The Rocket: A Cultural History of Maurice Richard

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Greystone Books, 2009 - Biography & Autobiography - 304 pages
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In his 18 years with the Montréal Canadiens (1942-1960), Maurice Richard's story appeared everywhere from novels to songs, and his name marked streets and public squares. In this entertaining and lavishly illustrated biography, cultural historian Benoît Melançon traces the Rocket's elevation from mortal to myth. The book's opening pages revisit Richard's greatest feats and most memorable moments, from his 1955 suspension for hitting a referee to his standoff with NHL president Clarence Campbell that became a symbol of Quebec nationalism. Melançon then explores the Rocket's legend and mystique -- his burning eyes, wild temper, physical strength, and sudden tendency to break down in tears. The Rocket draws on a rich mix of print sources, photos, and illustrations to show how sportswriters, artists, playwrights, politicians, and ordinary citizens all played a part in immortalizing this extraordinary man and athlete.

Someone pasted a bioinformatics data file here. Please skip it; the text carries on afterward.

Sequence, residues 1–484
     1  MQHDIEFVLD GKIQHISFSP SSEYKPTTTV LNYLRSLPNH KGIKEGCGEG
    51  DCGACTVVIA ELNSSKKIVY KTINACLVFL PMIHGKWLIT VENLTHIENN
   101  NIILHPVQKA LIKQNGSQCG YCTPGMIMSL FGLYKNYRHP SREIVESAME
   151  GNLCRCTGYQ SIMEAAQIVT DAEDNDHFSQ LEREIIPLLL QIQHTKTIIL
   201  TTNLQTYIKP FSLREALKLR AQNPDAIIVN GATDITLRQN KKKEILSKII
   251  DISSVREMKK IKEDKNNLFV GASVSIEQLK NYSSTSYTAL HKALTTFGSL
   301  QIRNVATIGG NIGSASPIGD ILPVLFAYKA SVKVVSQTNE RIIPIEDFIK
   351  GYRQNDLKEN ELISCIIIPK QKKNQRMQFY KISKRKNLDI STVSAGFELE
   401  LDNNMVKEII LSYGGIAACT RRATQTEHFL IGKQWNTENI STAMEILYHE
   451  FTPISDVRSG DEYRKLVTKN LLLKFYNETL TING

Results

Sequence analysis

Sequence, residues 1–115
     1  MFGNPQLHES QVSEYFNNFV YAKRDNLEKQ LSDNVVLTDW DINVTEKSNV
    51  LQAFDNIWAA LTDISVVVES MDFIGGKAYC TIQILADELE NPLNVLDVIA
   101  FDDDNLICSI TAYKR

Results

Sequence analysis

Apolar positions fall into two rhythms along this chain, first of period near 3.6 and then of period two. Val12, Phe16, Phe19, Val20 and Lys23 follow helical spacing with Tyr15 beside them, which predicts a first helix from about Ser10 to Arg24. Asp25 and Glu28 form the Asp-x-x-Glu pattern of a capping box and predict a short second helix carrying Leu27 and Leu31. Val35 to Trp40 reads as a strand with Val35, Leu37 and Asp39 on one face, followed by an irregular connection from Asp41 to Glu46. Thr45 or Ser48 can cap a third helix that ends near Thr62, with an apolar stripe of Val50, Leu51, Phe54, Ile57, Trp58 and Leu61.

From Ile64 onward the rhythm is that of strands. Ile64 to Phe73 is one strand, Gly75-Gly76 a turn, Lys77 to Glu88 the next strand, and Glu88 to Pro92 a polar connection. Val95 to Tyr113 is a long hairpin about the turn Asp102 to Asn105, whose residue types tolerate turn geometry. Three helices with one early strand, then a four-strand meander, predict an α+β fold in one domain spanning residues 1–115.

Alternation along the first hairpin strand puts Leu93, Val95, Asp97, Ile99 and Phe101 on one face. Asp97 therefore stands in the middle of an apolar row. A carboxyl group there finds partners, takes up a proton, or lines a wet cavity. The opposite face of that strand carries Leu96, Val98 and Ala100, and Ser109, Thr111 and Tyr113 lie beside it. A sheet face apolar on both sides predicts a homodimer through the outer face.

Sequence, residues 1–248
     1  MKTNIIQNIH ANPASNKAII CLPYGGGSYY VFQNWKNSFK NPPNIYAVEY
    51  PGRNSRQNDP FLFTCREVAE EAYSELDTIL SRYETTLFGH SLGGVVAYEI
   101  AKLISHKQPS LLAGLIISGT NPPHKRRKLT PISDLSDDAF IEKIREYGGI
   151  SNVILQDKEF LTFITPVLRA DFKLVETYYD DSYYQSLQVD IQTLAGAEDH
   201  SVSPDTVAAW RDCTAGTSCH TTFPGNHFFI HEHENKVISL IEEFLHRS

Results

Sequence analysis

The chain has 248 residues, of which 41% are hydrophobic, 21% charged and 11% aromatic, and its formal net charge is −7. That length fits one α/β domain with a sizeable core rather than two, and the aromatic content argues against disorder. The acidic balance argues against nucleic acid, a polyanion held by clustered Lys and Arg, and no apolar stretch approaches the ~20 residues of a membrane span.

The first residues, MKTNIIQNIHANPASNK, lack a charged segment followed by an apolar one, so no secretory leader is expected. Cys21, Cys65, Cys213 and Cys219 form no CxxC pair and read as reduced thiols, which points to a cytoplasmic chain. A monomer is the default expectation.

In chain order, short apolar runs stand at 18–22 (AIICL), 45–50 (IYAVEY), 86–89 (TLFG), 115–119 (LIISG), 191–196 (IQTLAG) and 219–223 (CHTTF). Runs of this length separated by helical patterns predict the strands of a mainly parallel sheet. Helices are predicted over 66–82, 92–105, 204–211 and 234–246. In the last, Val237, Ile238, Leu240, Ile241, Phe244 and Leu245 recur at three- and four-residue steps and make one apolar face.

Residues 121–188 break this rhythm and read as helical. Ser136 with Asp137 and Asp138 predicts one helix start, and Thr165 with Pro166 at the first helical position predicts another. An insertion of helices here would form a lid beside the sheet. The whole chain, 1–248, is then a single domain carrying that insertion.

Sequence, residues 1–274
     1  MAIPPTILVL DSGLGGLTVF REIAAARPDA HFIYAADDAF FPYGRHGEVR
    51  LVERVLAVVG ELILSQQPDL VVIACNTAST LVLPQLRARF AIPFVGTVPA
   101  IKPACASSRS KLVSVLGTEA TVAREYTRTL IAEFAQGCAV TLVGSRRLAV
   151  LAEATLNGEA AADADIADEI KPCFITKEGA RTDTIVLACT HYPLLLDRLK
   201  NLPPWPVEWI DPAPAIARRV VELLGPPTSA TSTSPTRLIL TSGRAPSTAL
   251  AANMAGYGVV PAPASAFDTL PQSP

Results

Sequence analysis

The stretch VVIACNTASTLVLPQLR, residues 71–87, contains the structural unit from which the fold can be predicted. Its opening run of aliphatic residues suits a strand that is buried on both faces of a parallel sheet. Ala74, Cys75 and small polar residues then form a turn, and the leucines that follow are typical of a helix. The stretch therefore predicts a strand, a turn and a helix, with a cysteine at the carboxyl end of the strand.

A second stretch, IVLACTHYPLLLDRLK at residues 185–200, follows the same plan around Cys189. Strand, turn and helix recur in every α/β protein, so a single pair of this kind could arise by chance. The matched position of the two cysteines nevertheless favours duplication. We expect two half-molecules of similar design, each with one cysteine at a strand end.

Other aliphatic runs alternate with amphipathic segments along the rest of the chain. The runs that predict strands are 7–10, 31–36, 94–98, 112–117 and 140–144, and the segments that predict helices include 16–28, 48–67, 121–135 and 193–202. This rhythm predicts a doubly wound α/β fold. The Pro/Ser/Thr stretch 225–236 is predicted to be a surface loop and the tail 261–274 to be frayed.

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About the author (2009)

Benoît Melançon , a professor of literature at the Université de Montréal, has published and edited numerous books on Québécois and eighteenth century French literature and on the cultures of Quebec and Canada. He is research director of the Presses de l'Université de Montréal and a fellow of the Royal Society of Canada. He lives in Montreal, Quebec.

International journalist and award-winning literary translator Fred A. Reed is also a respected specialist on politics in the Middle East. He has reported extensively on Middle Eastern affairs for La Presse, CBC Radio-Canada and Le Devoir. He currently resides in Montreal, Quebec.

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